In every presidential election cycle, citizens who fear the direction the country is going begin researching the steps to move to another country. This election in particular, many people (including celebrities like Whoopi Goldberg, Amy Schumer, John Stewart and more), publicly vowed to leave the country if their candidate lost. Adding fuel to the expatriate fire, on election night, the Canadian immigration website crashed … twice. But before learning the words to “O Canada,” a potential expatriate should consider some of the tax consequences of renouncing their United States citizenship.
Individuals who are deemed “Covered Expatriates,” anyone with a net worth over $2 million, and/or more than an average of $165,000 of Federal income taxes over the last five years (based on the total value of the returns for each individual regardless of whether they filed jointly or separately), are subject to a deemed disposition or “exit” tax. This tax is determined by assuming that property interests were sold at market value the day before expatriation. These “sales” (and their phantom capital gains) must be reported on the relevant forms and schedules of Form 1040. The following example will demonstrate how the deemed disposition tax works:
Bill has an investment portfolio currently valued at $800,000, but his basis (i.e., purchase price) is only $300,000. Because Bill is considered, for other reasons, as a Covered Expatriates, when leaves the country and renounces his citizenship, he will owe taxes for $500,000 in gains, giving him a tax bill of around $85,500 for his home, regardless of whether he actually sales the investment portfolio.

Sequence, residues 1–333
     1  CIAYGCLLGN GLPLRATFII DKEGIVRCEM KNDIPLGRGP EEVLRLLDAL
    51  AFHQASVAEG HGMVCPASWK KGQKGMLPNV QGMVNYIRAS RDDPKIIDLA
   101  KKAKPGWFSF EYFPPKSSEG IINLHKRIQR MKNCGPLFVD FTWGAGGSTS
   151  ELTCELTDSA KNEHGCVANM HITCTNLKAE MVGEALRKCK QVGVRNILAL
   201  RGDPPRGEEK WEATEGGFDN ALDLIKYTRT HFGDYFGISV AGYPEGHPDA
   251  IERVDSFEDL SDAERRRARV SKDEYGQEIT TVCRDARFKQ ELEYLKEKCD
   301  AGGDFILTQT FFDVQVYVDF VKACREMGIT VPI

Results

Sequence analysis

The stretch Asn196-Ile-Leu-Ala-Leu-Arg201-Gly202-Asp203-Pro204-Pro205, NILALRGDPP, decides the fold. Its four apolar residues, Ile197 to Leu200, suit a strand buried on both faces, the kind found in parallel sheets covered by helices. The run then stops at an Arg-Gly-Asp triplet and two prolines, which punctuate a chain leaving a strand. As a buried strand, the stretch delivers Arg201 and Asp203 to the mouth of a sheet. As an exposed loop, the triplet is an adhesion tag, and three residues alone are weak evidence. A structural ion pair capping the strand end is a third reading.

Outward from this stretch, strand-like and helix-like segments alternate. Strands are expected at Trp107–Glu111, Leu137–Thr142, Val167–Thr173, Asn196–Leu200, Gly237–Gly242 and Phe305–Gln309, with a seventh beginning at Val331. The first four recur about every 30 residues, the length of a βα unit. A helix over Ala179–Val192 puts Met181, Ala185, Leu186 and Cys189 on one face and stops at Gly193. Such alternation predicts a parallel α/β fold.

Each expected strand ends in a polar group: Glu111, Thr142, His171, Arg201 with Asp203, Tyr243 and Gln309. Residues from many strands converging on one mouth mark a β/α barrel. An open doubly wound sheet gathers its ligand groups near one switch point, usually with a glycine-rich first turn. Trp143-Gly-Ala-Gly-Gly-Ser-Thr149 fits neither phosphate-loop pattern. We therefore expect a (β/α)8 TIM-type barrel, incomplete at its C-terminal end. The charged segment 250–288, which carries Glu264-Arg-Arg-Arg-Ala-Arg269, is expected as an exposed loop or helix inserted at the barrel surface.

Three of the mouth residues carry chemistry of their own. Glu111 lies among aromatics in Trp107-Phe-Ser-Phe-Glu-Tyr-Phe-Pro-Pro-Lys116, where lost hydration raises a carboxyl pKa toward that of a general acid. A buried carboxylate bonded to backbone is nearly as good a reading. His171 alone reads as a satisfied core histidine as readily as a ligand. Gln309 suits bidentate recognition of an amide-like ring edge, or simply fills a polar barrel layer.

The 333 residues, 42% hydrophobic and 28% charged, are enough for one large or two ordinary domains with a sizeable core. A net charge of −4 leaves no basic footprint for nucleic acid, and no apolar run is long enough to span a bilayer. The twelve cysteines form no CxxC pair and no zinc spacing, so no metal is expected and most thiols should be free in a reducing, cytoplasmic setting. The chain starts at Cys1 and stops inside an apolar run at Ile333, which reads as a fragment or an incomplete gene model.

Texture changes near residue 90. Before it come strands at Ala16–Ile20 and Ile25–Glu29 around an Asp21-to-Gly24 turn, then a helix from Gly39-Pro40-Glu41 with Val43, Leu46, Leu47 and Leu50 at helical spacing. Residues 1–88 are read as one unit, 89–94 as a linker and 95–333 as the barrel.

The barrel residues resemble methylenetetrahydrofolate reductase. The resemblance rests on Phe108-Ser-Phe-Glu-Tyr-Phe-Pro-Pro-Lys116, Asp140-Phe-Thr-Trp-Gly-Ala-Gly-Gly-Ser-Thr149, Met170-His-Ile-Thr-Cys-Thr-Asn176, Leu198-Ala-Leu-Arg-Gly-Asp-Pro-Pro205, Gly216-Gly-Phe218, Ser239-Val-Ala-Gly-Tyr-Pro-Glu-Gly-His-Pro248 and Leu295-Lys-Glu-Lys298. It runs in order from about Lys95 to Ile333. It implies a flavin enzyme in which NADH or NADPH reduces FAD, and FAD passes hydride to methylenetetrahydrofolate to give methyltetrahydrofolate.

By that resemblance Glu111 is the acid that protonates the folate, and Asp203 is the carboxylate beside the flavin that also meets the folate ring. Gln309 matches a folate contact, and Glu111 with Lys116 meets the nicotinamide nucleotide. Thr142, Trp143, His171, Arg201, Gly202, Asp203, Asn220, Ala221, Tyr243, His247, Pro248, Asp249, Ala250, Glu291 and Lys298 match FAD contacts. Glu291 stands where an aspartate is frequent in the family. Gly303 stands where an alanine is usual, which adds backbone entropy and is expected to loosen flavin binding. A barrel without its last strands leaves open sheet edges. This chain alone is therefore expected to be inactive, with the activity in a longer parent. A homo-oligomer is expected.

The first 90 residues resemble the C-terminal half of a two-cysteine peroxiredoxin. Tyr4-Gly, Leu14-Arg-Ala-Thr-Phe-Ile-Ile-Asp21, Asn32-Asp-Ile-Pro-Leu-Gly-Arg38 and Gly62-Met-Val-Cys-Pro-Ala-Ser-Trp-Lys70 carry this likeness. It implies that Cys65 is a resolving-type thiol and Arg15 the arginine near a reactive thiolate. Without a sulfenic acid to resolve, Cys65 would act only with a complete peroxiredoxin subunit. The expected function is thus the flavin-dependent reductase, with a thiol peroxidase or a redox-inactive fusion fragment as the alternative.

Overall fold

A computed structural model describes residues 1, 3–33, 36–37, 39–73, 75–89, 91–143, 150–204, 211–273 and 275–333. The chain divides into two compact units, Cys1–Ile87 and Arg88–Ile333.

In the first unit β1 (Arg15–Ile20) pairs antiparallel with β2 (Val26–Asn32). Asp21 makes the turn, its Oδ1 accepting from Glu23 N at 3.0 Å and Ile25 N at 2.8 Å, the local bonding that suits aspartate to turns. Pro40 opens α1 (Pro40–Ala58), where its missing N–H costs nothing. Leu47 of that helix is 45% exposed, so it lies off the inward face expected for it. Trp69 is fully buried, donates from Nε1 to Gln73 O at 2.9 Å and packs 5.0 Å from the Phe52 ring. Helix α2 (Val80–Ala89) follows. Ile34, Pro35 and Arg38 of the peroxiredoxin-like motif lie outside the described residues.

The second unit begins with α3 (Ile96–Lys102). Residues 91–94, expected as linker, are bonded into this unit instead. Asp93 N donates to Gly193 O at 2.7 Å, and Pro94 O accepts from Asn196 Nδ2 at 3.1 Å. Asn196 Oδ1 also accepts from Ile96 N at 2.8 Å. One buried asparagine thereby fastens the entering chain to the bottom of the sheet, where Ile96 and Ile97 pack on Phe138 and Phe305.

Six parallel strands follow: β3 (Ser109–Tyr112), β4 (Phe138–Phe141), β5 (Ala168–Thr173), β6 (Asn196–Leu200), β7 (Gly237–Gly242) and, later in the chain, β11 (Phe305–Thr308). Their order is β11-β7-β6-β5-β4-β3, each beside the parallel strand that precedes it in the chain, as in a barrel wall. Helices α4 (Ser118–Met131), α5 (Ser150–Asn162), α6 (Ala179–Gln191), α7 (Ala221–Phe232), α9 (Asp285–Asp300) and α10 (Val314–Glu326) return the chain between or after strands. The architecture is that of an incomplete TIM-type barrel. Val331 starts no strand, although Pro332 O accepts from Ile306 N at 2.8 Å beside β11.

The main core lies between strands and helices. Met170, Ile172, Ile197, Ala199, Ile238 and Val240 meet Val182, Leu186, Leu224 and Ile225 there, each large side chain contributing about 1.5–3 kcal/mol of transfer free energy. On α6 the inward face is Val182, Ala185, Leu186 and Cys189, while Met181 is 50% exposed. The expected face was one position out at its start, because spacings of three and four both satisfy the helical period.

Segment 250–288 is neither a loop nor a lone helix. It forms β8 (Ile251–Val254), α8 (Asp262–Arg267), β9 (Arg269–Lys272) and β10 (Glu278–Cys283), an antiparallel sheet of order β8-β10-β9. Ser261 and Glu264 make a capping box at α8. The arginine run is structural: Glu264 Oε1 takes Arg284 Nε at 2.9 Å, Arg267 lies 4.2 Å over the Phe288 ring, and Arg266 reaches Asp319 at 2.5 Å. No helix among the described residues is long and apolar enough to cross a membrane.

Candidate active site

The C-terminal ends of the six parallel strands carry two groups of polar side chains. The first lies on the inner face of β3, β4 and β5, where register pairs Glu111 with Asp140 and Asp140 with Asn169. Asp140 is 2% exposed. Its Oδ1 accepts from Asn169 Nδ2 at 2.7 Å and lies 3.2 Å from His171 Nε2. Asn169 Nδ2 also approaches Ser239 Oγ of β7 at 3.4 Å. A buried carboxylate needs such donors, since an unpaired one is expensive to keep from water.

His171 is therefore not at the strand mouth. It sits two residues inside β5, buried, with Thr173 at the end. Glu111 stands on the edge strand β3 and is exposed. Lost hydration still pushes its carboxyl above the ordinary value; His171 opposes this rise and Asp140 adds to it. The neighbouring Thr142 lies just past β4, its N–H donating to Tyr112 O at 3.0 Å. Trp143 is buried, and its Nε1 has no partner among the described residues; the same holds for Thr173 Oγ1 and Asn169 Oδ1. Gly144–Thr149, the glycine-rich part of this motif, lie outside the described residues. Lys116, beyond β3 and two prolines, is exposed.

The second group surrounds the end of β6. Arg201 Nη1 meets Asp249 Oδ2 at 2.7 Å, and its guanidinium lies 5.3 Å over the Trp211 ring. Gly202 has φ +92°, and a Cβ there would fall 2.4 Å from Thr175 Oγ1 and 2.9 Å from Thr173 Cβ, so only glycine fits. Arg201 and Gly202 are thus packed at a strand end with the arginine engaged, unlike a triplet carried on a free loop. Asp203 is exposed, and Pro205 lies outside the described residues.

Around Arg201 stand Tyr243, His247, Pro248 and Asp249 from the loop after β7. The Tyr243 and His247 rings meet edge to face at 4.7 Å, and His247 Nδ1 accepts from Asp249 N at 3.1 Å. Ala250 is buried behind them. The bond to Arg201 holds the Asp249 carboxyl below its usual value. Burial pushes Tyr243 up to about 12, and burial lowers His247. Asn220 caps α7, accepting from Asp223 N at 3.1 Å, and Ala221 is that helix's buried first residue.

In addition to the deemed disposition tax, renunciation also carries adverse gift and estate tax consequences. Gifts or bequests from Covered Expatriates to U.S. residents are, after any available exemptions or exclusions, subject to the highest gift and estate tax marginal brackets, currently a rate of 40%.
These financial complications may be why many of the celebrities who vowed to leave the U.S. are now getting cold feet.
Despite the pitfalls referenced above, the tax quagmire of expatriation can be navigated successfully with help and planning from a professional. If you are considering expatriation, or if you just have questions about the best estate plan for your family, contact the attorney’s at Altman & Associates at (301) 468-3220 to set up a consultation today.
– Christopher Martin, Esq.